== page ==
When can I drink alcohol? When can I smoke?
As long as you are not taking narcotics, you may have a small amount of alcohol after a week. It can run a higher risk of bleeding and should be avoided initially.
Smoking affects healing. There is no consensus regarding the timing of stopping smoking, but suffice it to say it does affect the body’s healing ability. The effect is not as profound in a small breast implant incision, but as a precaution, heavy smoking should be avoided for several weeks, and any smoking will theoretically slow down wound healing. Smoking prior to anesthesia will affect the irritability of the lungs and respiratory system and should be avoided for one to two weeks prior to your surgery to reduce this effect.
What type of bra should I wear following my surgery?
We provide a post-surgical bra for your breast augmentation surgery that opens to the front to allow for easy access to your incisions. In addition, we provide a band above your breasts to hold them in position and to provide gentle resistance to the normal tendency for the implants to rise up towards the neck. As soon as you are comfortable, you may go into any bra as long as it doesn’t push up the breast implants. Underwire bras may press against the breast fold and may be uncomfortable, and some may push up, so this is not recommended if they do. A sports bra with a nice cup often works well after the first few weeks. We do not recommend purchasing a lot of expensive bras for three months or until the breast implants have settled and the swelling has diminished.
Do I massage my breasts following my procedure? What about stretching?
We do not recommend traditional breast massage as defined by moving the implants all over, as it has not been shown to have any benefit in reducing the risk of capsular contracture (see capsular contracture information above). We recommend simple pocket stretching procedures to stretch out the lower part of the breast implant pocket to allow the implant to settle and relax the lower part between the nipple and the breast fold below.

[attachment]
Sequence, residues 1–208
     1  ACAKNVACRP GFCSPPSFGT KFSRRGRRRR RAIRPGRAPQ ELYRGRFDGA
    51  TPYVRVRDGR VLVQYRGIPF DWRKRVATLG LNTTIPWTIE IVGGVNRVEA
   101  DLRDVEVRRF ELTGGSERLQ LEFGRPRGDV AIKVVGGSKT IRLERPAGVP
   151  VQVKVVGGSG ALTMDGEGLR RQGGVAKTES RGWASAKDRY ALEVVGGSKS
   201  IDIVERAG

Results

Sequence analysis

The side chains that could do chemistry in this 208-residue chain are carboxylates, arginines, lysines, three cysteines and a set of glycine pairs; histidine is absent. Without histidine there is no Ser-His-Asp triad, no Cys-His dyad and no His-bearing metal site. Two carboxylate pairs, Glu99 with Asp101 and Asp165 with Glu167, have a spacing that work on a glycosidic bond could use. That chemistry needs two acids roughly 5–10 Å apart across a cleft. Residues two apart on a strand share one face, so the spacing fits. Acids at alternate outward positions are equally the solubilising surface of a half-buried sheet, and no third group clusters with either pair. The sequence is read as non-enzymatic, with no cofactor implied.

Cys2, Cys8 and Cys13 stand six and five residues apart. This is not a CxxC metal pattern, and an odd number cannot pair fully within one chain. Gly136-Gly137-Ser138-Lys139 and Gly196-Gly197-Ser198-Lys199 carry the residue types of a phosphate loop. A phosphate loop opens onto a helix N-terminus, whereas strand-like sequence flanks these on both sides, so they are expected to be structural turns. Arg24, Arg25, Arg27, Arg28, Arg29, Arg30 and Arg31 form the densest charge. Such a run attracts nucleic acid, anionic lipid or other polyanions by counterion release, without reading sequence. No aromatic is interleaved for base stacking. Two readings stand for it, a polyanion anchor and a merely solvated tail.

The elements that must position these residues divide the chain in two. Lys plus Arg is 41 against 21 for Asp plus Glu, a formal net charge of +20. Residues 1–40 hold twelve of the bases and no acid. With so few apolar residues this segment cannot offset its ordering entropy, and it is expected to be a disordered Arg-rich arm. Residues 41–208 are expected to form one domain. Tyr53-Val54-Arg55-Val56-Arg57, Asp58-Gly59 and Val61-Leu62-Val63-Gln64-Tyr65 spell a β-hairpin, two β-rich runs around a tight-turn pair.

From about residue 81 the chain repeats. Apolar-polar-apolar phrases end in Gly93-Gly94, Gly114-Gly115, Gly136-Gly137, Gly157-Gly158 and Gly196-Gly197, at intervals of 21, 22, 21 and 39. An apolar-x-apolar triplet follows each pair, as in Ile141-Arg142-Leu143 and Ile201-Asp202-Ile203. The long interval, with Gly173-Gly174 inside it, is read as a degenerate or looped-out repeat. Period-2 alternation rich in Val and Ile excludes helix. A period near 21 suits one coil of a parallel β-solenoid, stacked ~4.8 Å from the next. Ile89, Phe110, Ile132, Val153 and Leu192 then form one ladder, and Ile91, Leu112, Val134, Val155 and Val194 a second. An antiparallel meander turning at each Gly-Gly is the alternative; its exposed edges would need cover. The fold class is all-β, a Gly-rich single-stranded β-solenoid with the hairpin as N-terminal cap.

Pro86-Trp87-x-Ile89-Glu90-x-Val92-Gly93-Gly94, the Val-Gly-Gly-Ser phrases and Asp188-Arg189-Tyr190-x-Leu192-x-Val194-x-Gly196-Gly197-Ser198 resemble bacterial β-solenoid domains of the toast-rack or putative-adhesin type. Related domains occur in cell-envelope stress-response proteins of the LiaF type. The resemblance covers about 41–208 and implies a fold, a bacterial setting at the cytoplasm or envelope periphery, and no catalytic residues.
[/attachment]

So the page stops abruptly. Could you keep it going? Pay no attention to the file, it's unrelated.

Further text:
Movement and stretching of the chest and arms has been shown to speed up the recovery and reduce pain and tightness following breast surgery. Lack of movement causes muscle stiffness, so it stands to reason that gentle movement and stretching will speed up recovery. We recommend gentle stretching exercises of the chest muscles through arm movements to open up the chest and shoulder girdle. We will show you these in the first week or two following your procedure. They are very effective to reduce pain and speed up the recovery phase.
What about if one breast looks different from the other following the procedure?
It is totally normal for the breasts to look different in the first weeks to even months following the procedure. Dr. Stephens points out to his patients that no two breasts are exactly alike and the swelling from the procedure will often accentuate these differences, which settle and become more identical as time passes. Sometimes, the smaller breast may paradoxically look larger following the procedure until time allows the skin and tissue to relax around the implant.
What if there are other things that I didn’t expect?
If there is a significant difference between the breasts in the first few weeks after the procedure, especially over a short period of time and this is accompanied with pain, this may be bleeding in the breast pocket causing a “hematoma” that requires surgical exploration to stop the bleeding. Unusually, increased pain, high fevers, redness, or any discharge from the incision should be assessed by the office. A low-grade fever following anesthesia is normal. Any unusual or unanticipated symptoms should be reported to the office. We would rather hear from you than have something get worse that could have been addressed in a timely manner.